With January’s US personal spending and income data in, we’re really starting see how the expiration of the payroll tax holiday—also known as the payroll tax hike—is cutting into American incomes. (They were agreed to as part of the “fiscal cliff” deal.) US incomes fell 3.6% in January, the most in two decades.
Corporate America rushed billions in special dividends out the door in December to beat the January deadline for the new taxes. Then, in January, dividend payments collapsed. (Remember, they were already paid in December.) And because this is a month-over-month change it looks especially bad.
Also the government sharply marked up the amount of cash taken from US paychecks as contributions for government insurance programs such as Social Security and Medicare.
As is their wont, government number-crunchers crammed a forecast for the increase in the entire year’s contributions into the January numbers. So this doesn’t mean that $127 billion was sucked out of American paychecks in January. It’s more of a guess about the increase in contributions over the entire year. Still, this “theoretical” number was a big part of the reason why US income numbers saw their sharpest one-month decline in 20 years. You can see there was a similarly sharp move lower—in terms of contributions—back in 2010, when the payroll tax holidays were put in place.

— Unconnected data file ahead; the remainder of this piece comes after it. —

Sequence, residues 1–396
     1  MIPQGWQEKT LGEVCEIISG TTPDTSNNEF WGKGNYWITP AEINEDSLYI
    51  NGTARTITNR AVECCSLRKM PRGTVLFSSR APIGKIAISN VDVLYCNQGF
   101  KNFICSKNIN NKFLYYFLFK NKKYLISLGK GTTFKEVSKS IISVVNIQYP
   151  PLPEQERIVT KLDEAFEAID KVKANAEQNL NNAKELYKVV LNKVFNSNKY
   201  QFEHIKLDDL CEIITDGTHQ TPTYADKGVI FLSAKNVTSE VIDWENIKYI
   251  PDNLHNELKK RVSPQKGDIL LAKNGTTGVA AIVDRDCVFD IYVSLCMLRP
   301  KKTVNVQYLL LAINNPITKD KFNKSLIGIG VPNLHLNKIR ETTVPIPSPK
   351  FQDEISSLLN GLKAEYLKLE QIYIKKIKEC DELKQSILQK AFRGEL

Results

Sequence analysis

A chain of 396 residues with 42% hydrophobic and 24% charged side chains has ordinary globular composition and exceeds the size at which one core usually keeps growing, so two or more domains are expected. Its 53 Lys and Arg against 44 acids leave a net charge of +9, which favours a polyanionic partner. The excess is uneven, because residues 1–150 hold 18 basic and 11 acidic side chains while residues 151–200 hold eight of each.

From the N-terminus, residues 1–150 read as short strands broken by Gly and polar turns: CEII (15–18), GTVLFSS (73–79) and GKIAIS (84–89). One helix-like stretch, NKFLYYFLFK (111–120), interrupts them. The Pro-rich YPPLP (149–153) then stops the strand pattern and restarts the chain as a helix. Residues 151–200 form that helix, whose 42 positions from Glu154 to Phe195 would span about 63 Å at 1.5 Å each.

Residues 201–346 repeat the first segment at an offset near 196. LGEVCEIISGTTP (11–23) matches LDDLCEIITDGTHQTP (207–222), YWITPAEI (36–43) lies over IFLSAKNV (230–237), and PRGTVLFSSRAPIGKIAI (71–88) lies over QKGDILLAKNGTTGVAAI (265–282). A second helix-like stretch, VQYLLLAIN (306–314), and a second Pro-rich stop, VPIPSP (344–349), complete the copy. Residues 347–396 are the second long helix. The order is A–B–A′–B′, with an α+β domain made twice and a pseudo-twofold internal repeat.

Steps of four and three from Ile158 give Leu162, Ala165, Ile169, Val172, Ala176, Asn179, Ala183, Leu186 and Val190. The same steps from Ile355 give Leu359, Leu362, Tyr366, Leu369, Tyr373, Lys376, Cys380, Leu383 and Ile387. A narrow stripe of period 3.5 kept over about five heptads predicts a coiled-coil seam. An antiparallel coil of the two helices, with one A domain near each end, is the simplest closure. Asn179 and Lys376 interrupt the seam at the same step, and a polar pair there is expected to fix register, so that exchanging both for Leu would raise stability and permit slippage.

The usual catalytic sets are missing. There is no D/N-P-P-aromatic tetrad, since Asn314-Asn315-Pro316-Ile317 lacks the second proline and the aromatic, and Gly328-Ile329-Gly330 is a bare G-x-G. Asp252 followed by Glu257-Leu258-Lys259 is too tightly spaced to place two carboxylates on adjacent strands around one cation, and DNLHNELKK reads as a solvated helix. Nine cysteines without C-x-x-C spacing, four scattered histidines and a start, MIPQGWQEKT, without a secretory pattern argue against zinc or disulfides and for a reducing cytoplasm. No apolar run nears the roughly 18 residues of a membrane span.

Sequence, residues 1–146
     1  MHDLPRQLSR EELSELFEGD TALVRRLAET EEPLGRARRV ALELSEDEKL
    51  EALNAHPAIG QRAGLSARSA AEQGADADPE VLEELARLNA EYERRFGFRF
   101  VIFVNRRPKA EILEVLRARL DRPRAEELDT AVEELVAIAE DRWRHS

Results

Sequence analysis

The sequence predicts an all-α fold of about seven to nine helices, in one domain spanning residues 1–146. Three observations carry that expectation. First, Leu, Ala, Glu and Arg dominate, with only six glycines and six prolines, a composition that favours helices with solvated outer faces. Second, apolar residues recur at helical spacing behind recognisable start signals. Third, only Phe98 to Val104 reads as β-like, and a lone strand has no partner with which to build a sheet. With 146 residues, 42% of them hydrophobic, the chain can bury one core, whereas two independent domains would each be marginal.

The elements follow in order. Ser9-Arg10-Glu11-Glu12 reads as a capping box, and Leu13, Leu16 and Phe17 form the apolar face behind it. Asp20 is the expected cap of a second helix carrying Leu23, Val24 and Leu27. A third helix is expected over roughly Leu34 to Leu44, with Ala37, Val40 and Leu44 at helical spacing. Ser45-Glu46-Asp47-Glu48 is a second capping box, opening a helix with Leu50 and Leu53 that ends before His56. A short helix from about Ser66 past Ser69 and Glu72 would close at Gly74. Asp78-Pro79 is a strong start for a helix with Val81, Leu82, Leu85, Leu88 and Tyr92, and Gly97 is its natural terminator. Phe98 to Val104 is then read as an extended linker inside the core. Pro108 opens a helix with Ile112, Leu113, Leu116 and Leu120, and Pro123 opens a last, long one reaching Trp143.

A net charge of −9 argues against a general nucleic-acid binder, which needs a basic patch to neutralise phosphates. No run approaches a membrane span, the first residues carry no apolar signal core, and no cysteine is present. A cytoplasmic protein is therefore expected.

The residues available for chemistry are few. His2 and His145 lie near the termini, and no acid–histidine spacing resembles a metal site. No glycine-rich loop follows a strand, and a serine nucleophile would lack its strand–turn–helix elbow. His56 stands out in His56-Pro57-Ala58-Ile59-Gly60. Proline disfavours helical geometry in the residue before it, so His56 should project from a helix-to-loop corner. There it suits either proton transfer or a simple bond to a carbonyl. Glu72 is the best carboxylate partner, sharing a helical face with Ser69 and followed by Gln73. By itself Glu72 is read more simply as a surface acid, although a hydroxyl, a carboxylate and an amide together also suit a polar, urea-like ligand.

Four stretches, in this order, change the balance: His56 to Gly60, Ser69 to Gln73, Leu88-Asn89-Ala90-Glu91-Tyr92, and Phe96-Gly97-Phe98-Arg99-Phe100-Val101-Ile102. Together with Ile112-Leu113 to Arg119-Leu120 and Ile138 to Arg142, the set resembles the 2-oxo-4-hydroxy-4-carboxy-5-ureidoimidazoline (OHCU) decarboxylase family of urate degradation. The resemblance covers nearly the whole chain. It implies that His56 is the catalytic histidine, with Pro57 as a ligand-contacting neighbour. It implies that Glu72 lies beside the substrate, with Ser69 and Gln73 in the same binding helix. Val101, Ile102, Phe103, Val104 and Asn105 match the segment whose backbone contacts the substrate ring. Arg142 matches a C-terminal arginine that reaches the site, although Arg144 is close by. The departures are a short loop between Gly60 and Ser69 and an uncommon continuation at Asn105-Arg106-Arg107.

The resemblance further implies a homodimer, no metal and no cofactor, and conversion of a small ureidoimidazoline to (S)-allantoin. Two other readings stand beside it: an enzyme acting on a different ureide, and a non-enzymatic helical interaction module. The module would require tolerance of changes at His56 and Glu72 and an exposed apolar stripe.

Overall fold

While that number may be “theoretical,” a lot more real cash from withheld income and payroll taxes is coming into the US Treasury.
Here’s a smoothed-out look at the daily tax witholdings deposited by US employers. (Because the numbers are so noisy, we put a 50-day moving average on them to clarify the trend.) It’s hard to say how much of the surge recently is related to the payroll tax hike, and how much is related to—say—increased increasing wages or job gains, which would also add to the total.
The good news, if there is any, out of the January pay report is that US wages and salaries look to be in better shape than they were last year. Compared to January 2012—and subtracting out the effects of inflation—wage and salary payments were up about 2.2%. That’s down slightly from December’s 4.3% gain. But the December bump was an outlier driven by some of the same dynamics that sent dividend payments up ahead of the tax January increases.
As always, there are caveats galore to consider. For one thing, the improvement in inflation-adjusted wage growth in the US has a lot to do with declining inflation, as well as increasing wages. And with the uptick in gas prices we’ve seen in recent months—New York gasoline futures are up 13% since the end of last year—inflation likely took a larger chunk out of consumer incomes in February and will also do so in March.
The point? While the US economy is benefitting from a considerable tailwind from the improvements in the housing market, US consumer finances are far from being rock solid. On the other hand, they haven’t been for decades.